1 of 12 After decades of house arrests and pro-democracy battles, Nobel Peace Prize laureate Aung San Suu Kyi, 67, seems to have won her war. Burma’s brutal military rulers have opened their doors to democratic reforms. Suu Kyi has won a seat in the country’s parliament and US President Barack Obama made an historic visit to the country in support of democratic change. However Suu Kyi also attracted some criticism for failing to stand up against the genocide of Burma’s Rohingya Muslims. Reuters After decades of house arrests and pro-democracy battles, Nobel Peace Prize laureate Aung San Suu Kyi, 67, seems to have won her war. Burma’s brutal military rulers have opened their doors to democratic reforms. Suu Kyi has won a seat in the country’s parliament and US President Barack Obama made an historic visit to the country in support of democratic change. However Suu Kyi also attracted some criticism for failing to stand up against the genocide of Burma’s Rohingya Muslims. Reuters Twenty months of bloodshed have not convinced Syria's President Bashar al-Assad to step down. Some observers report a dangerous new twist: as rebels seem to be tightening the screws on the regime, suspicious movement of chemical weapons have been reported. Through the violence perpetrated on his own people, Assad, 47, has become the world’s most infamous villain and the Syrian civil war and its 40,000 deaths have been in the news through the whole year. Reuters The downfall of the former Communist party boss of the Chinese megacity of Chongqing following the mysterious murder of English businessman Neil Heywood made newspaper front page all around the world. His case embarrassed the party in the run-up to the once-in-a-decade power takeover by revealing a secret world of power, corruption and intrigue. Bo’s wife, Gu Kailai, 53, confessed to the murder and was given a suspended death sentence. Bo has been expelled from the party and faces prosecution for corruption and other charges. Reuters ‘Captain Coward’ Francesco Schettino became the symbol of everything a ship captain should not be for his handling of the Costa Concordia disaster in January. Schettino, 52, was on the bridge when he crashed the cruise ship into rocks by sailing too close to Giglio island to perform a questionable “salute” and endangering his 4,252 passengers and crew. Then, as the ship was sinking, his indecision lost precious minutes in getting passengers to safety. He abandoned the ship with many people still on board. Thirty-two people died. Reuters On July 20, James Holmes, 24, opened fire on spectators at a midnight screening of Batman, the Dark Knight Rises, in Aurora Colorado. Armed with an AR-15 assault rifle, a 12-gauge shotgun and a Glock .40 handgun, Holmes left 12 people dead and 58 others injured. He was arrested the same night and charged with 24 counts of murder and 116 counts of attempted murder. Reuters After becoming the Duchess of Cambridge by marrying Prince William last year, in 2012 Kate won the hearts of British people for her regal behaviour, as well as the front pages of hundreds of publications around the world. From the royal scandal around the publication of the duchess’ topless pictures to the news of a royal baby and on to the tragic death of nurse Jacintha Saldanha, Kate has been under the media spotlight throughout the whole year. Reuters The first democratically elected Egyptian president, Mohammed Mursi, 62, succeeded Hosni Mubarak, whose authoritarian regime was toppled in the Arab Spring. A member of the Muslim Brotherhood, Mursi has gained some international praise for his role in the Gaza conflict but domestically his popularity is shaky. The extended powers Mursi granted himself by decree - despite later scrapping them - plus a controversial new constitution triggered a wave of protests, putting Egypt back on the brink of chaos. Reuters The head of Bahrain's Centre for Human Rights, Nabeel Rajab, has been at the forefront of pro-democracy protests during 16 months of unrest in the Gulf Arab state. A symbol of the protests against the Sunni al-Khalifa monarchy, Rajab has been sentenced to three years in prison for three separate cases of inciting and participating in the protests. His sentence was later reduced to two years but he remains in jail. Reuters Coptic Christian filmmaker Nakoula Basseley Nakoula triggered worldwide protests and violence with the release on YouTube of the trailer of his anti-Islam movie, Innocence of Muslims. Nakoula, who until his real identity was discovered, pretended to be an Israeli property developer named Sam Bacile, allegedly manipulated the movie shooting unbeknown to the actors in it to represent the Prophet as an il legitimate son and philanderer who approved of child sexual abuse. Days of violent protests greeted release of the footage. US ambassador to Libya Chris Stevens and three staff were killed in an attack linked to protests about the movie. Nakoula was arrested in California for violating probation from a 2010 cheque fraud conviction. Reuters Oppa is Gangnam style! South Korean artist Park Jae-sang, stage name Psy, has become the internet sensation with the release of his single, Gangnam Style. Clicked almost one billion times, the video clip has smashed YouTube’s all-time most watched ranking, giving the chubby, Seoul-born, 35-year-old singer world fame. Gangnam Style has been danced by UN secretary General Ban Ki-moon and Chinese artist and activist Ai Weiwei - along with a few other million people. Reuters The feminist punk-rock band has become a symbol of dissent and rebellion against Putin’s Russia after three of its members were jailed for performing an anti-Putin 'punk prayer' in a Moscow cathedral. Maria Alyokhina, 24, Nadezhda Tolokonnikova, 22, and Yekaterina Samutsevich, 29 were each jailed for two years for hooliganism motivated by religious hatred. Alyokhina and Tolokonnikova are serving their sentences in two of Russia's grimmest gulags. Samutsevich’s sentence was suspended after six months. Reuters The real moral winner of the US presidential elections was neither the re-elected President Barack nor his opponent Mitt Romney, but this 34-year-old former poker player and maths genius. His Fivethirtyeight Political Calculus elections analysis blog on the New York Times, featuring an election forecasting system he developed, predicted that Obama would win the elections and called the correct results in all US 50 states long before the ballot was over. At times ahead of election day, Fivethirtyeight made up to 20 percent of the New York Times' online traffic. Reuters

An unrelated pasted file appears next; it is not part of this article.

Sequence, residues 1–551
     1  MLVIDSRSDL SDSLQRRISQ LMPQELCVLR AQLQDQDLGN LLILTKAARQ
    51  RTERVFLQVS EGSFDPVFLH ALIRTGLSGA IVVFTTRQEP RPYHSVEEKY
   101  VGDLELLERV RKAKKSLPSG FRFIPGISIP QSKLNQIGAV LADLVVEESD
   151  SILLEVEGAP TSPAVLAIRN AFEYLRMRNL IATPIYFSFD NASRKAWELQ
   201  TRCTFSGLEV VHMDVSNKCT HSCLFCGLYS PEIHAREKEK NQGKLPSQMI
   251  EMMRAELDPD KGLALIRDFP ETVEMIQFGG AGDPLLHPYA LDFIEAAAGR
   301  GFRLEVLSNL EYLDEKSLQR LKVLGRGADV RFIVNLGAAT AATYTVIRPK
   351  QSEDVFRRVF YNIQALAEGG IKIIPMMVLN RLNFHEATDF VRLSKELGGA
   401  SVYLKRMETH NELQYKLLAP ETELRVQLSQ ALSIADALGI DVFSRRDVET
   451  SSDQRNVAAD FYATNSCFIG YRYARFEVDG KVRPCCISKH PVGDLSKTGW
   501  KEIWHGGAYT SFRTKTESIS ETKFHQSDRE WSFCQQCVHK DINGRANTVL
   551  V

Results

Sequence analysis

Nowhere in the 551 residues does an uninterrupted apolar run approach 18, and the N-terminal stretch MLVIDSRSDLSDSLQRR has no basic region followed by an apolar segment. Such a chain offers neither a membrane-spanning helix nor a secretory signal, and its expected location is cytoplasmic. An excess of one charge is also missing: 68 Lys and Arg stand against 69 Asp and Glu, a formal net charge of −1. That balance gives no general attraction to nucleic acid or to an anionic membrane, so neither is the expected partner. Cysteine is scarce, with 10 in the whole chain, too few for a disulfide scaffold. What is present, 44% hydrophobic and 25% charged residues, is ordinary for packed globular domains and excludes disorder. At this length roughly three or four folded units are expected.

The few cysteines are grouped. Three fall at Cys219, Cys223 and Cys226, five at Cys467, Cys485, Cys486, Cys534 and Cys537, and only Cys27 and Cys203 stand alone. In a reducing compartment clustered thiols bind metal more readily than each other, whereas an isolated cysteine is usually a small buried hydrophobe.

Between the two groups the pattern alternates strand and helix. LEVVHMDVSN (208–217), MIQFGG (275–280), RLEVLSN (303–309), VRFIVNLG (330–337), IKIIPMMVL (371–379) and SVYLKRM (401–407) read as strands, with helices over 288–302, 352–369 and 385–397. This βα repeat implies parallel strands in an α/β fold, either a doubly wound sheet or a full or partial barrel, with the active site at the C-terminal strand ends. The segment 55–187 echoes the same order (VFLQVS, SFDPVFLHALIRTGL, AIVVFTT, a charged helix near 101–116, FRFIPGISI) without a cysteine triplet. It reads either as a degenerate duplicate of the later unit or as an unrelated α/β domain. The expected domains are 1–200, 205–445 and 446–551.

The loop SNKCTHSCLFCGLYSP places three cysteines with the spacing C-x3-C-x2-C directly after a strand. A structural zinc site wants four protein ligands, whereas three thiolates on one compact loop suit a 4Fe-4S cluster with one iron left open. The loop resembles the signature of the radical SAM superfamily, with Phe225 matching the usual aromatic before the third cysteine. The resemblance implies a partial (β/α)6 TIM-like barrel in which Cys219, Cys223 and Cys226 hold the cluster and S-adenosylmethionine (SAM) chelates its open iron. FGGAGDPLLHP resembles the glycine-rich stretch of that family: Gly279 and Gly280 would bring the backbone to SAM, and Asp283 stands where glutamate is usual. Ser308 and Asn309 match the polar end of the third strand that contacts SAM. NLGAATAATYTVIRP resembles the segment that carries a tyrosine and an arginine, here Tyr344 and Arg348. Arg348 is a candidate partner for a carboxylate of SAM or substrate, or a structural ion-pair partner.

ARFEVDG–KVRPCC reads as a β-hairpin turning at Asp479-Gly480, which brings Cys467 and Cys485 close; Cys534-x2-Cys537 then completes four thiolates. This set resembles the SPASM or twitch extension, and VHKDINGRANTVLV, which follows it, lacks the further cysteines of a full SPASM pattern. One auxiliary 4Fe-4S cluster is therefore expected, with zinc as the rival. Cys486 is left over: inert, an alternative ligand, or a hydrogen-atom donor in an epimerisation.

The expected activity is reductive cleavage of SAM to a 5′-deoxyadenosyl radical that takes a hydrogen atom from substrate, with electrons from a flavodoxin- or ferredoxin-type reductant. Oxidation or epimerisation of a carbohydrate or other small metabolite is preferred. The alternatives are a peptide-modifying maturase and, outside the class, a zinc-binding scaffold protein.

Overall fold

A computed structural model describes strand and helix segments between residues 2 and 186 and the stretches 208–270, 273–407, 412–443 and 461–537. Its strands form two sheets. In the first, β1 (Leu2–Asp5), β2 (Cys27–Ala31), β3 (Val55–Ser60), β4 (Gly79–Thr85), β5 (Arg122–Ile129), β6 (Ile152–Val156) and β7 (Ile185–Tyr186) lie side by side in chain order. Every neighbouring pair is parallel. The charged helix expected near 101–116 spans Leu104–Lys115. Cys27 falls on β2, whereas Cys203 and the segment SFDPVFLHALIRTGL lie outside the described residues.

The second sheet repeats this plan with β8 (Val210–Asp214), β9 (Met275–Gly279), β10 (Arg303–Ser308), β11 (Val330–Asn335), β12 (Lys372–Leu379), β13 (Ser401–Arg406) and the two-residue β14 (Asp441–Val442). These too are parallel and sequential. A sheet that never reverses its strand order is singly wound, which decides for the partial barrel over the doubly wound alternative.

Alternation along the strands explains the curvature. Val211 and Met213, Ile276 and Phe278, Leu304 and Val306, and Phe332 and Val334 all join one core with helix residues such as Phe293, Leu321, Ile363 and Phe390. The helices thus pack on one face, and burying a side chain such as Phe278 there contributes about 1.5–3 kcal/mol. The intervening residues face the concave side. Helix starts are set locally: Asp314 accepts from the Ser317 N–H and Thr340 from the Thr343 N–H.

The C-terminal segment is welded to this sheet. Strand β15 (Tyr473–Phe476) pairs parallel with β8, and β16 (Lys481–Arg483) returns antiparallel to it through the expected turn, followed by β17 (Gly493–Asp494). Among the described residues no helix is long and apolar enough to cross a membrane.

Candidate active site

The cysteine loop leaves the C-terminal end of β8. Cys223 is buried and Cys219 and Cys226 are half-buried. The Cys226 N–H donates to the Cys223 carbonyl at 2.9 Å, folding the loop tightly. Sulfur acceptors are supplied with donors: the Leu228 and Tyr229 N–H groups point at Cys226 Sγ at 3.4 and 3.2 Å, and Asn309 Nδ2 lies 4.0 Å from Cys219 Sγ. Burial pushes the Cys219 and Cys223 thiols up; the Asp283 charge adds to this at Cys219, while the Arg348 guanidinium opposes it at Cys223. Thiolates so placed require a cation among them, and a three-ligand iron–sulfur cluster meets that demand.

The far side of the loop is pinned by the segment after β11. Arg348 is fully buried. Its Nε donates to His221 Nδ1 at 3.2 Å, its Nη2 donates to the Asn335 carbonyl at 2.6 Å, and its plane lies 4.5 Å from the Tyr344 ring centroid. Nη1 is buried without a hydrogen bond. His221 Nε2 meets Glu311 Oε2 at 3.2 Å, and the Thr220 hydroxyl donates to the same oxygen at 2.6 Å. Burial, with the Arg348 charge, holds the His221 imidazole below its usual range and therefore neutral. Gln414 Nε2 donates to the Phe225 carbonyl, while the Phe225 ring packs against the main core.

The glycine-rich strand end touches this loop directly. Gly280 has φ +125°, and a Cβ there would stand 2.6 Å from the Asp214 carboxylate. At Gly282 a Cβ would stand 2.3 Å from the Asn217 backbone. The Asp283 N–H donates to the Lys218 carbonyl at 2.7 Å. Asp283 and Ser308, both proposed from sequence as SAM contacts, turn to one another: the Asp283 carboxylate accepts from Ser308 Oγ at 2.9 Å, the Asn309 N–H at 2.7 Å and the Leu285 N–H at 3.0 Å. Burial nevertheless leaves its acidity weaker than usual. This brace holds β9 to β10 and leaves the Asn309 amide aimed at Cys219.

Democracy in Burma, corruption in China, civil war in Syria, a massacre in the US, a show trial in Russia - who were the faces behind the news this year?
From Aung San Suu Kyi getting a seat in the Burmese parliament to the obscure Asian pop star notching up one billion hits on YouTube, and from one man's crude propaganda film sparking riots throughout the Muslim world to Britain's best-loved royal, a dozen of the most important people of the year have been pulled together by reporter Umberto Bacchi and
Here are the 12 men and women who set the news agenda for 2012 out of the hundreds of names and faces who hit the headlines: